’01 World Champ CJ Hobgood to be inducted into the Surfers’ Hall of Fame

Pic: CJ Hobgood © MKM/Tom Servais

For nearly two decades CJ has been on the World Tour

Surf News Network, 20 July, 2015. Huntington Beach – Former World and U.S. Open Champion Clifton James “CJ” Hobgood is among a trio of distinguished surfers entering the 2015 Surfers’ Hall of Fame.  Hobgood, who along with Gordon “Grubby” Clark whose Clark Foam was the leading producer of polyurethane foam blanks from the early 60s through 2005 and John Davis, the first captain of the Huntington Beach High School surf team in 1967, are being inducted into the nation’s first imprint collection of legendary surfers.  All three will be immortalized in cement on Friday, July 31st at 10 a.m. in front of Huntington Surf & Sport.

“CJ Hobgood has been on the World Tour for nearly two decades and has brought endless amounts of pure stoked to the fans and to the Surfing World!,” said Surfers’ Hall of Fame founder Aaron Pai.  “He’s an amazing surfer and amazing waterman along with being a great ambassador for our Sport of Surfing!  Honored and delighted to Induct CJ Hobgood into the Surfers’ Hall of Fame!”

CJ and his twin brother Damien were born on July 6, 1979 in Melbourne, Florida and began riding waves together at an early age.  He entered his first local surfing contest in 1989 and made the open boys final.  Hobgood won the menehune division of the 1991 Eastern Surfing Association Championships setting up a long run at the top of the national amateur ranks.  He was the National Scholastic Surfing Association (NSSA) national juniors’ champion in 1995 and in 1997 he became the NSSA East Coast men’s champion.  And in 1998 he was selected as the model for the new NSSA logo.

Following his graduation from Satellite High School in 1997, CJ turned pro in 1998 and finished the 1999 season ranked 18th in the world, receiving Association of Surfing Professionals (ASP) Rookie-of-the-Year honors.  He quickly earned a reputation as an “all conditions” pro; a creative aerial technician in smaller waves and a fearless tube rider at places like Pipeline and Teahupoo.  CJ’s first grand prix victory came at the 2000 Hossegor Rip Curl Pro and he finished the year ranked in the top 10 at number seven.  His myriad achievements at such a young age would yield the “Breakthrough Surfer of the Year” at the Surfer Magazine Awards.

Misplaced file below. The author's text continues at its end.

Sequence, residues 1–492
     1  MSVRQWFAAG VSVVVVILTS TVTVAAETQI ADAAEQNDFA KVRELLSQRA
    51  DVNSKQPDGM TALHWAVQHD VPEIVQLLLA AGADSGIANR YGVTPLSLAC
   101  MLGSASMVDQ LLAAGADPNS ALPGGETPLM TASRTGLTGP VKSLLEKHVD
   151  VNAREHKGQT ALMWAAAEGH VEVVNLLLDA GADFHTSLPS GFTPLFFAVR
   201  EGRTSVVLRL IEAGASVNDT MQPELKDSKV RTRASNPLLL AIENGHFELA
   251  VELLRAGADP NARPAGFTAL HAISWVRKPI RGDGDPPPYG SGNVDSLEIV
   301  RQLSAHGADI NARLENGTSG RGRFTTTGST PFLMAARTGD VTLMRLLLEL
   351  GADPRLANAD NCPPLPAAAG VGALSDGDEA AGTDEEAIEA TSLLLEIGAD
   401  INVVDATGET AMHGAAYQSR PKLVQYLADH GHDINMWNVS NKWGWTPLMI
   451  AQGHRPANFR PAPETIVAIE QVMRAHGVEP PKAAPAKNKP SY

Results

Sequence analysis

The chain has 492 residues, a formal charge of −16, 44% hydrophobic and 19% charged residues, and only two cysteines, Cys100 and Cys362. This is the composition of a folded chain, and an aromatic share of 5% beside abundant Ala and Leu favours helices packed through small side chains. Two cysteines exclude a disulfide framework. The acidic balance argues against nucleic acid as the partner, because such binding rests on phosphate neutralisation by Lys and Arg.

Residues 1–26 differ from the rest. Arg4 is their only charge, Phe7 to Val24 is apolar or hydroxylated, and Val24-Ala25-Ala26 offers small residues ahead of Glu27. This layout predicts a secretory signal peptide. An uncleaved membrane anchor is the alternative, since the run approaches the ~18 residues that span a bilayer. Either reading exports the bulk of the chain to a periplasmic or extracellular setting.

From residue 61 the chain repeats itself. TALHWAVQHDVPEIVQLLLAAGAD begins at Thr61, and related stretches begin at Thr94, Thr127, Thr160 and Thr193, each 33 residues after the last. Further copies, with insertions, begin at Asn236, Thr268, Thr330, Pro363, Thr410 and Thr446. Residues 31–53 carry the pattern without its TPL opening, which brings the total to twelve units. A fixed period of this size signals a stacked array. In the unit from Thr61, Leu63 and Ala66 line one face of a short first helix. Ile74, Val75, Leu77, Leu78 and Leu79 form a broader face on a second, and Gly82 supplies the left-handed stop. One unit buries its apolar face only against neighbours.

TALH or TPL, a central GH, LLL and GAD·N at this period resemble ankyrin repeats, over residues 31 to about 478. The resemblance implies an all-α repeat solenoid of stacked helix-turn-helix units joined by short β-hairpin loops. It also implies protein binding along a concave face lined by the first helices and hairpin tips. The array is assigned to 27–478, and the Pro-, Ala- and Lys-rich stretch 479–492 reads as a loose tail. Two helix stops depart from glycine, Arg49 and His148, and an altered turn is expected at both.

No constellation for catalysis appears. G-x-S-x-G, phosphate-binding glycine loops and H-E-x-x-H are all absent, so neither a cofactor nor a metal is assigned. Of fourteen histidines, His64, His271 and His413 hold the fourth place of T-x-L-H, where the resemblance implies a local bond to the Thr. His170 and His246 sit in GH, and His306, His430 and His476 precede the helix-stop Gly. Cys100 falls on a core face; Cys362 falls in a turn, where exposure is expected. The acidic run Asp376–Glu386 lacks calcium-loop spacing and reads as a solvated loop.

In 2001 at age 22 despite not winning any WCT contests that year, Hobgood won his first and only World Title in a season shorted by three events following the 9/11 attacks.  One of professional surfing’s true gentlemen the tenacious goofy-footer finished fourth in 2004, fifth in 2008 and seventh in 2009.  He notched memorable victories in the 2007 U.S. Open of Surfing in Huntington Beach and 2008 O’Neill World Cup of Surfing at Sunset Beach, part of the prestigious Van’s Triple Crown of Surfing.  In 2011, he briefly dropped off the tour, but re-qualified in a matter of months even after turning down several wild-card invitations to WCT events.

Since 2003, CJ and Damien have held Camp Hobgood, a roving international surf retreat for rising young pros.  CJ has appeared in dozens of surf videos including Triple C (1996), Sacred Water (1999), Campaign (2003), A Brokedown Melody (2004), and Year Zero (2011).  He currently resides in Satellite Beach with his wife and daughter, near his younger brother Travis, his younger sister Marissa, and his parents.

Following 17 years on the pro tour and after flirting with retirement for the past few years, last month CJ announced that this would be his final year on the World Tour.  “The relationships with the people that I have met are the things that stick out in my mind most,” said Hobgood to the Space Coast Daily.  “The people who have been most influential in my career have been (Kelly) Slater, Occy (Mark Occhilupo), Andy Irons, and most of all my brother who has also pushed me the hardest and made me the maddest.”

When asked about his future plans Hobgood said, “Space Coast here I come.  It’s always about giving back and finding those opportunities to give the gift I’ve been given to the next generation, and others who are stoked on surfing.  I get to spend more time in the place I love that laid the foundation of who I am and all the friends I have.”

The Surfers’ Hall of Fame induction ceremony pays tribute to those individuals who have made an indelible mark on the sport, industry and culture of surfing.  Annually, tens of thousands of visitors travel to Huntington Beach’s downtown area and literally walk in the footsteps of surfing superstars and legends from several eras including Laird Hamilton, Andy Irons, Jack O’Neill, Robert August, Bob Hurley, Sean Collins, Kelly Slater, Lisa Andersen, Andy Verdone, Al Merrick, Shaun Tomson, Rob Machado, Rockin’ Fig and Rabbit Kekai, who are already immortalized in cement.

The nation’s first imprint collection of legendary surfers, the Surfers’ Hall of Fame celebrated its first induction in 1997 inside of specialty retailer Huntington Surf & Sport where several slabs remain.  Four years later with the blessing of the City Council and a stunning bronze statue of Duke Kahanamoku serving as a backdrop, the ceremony moved outside to the corner of PCH and Main, less than 100 feet from the famed Huntington Beach Pier, site of the Vans U.S. Open of Surfing.

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